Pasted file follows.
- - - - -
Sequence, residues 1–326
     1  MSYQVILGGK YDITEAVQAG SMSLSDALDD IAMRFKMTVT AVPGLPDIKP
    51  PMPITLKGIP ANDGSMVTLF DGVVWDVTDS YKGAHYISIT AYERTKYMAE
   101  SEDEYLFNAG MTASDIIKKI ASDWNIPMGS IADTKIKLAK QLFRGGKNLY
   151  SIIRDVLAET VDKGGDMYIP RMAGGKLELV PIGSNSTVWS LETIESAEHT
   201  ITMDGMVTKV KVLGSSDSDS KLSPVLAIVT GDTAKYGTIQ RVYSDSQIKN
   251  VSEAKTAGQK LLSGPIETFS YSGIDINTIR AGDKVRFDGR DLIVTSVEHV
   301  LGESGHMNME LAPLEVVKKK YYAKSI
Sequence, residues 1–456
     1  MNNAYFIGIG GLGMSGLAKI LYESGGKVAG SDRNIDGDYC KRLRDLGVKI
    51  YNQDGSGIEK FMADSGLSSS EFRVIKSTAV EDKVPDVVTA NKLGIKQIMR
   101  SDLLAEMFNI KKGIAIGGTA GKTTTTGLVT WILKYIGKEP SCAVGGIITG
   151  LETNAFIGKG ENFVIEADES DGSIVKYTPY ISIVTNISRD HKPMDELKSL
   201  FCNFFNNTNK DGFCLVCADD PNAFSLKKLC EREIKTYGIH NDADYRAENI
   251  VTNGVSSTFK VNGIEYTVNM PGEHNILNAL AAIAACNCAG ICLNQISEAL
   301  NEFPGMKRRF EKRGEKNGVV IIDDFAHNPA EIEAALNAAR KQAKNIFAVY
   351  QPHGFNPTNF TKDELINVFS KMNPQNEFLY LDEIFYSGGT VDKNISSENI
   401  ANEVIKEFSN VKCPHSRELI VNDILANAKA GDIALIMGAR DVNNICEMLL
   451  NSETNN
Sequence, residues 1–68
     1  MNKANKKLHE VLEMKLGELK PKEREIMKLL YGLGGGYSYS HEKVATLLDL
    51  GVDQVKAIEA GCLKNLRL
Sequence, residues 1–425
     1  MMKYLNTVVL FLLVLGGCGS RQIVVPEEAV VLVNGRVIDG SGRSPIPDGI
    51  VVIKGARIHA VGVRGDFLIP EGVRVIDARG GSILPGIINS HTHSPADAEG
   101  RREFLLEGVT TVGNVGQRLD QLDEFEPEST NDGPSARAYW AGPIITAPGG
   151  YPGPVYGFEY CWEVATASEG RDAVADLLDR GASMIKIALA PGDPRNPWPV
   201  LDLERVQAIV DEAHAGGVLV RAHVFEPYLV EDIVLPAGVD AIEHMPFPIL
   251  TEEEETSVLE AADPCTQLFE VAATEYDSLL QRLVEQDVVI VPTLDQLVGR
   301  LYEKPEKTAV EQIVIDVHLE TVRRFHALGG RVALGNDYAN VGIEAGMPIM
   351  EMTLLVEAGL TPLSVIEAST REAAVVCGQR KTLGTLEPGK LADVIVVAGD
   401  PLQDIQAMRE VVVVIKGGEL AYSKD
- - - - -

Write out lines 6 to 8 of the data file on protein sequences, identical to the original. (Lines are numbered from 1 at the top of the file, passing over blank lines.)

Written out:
   201  ITMDGMVTKV KVLGSSDSDS KLSPVLAIVT GDTAKYGTIQ RVYSDSQIKN
   251  VSEAKTAGQK LLSGPIETFS YSGIDINTIR AGDKVRFDGR DLIVTSVEHV
   301  LGESGHMNME LAPLEVVKKK YYAKSI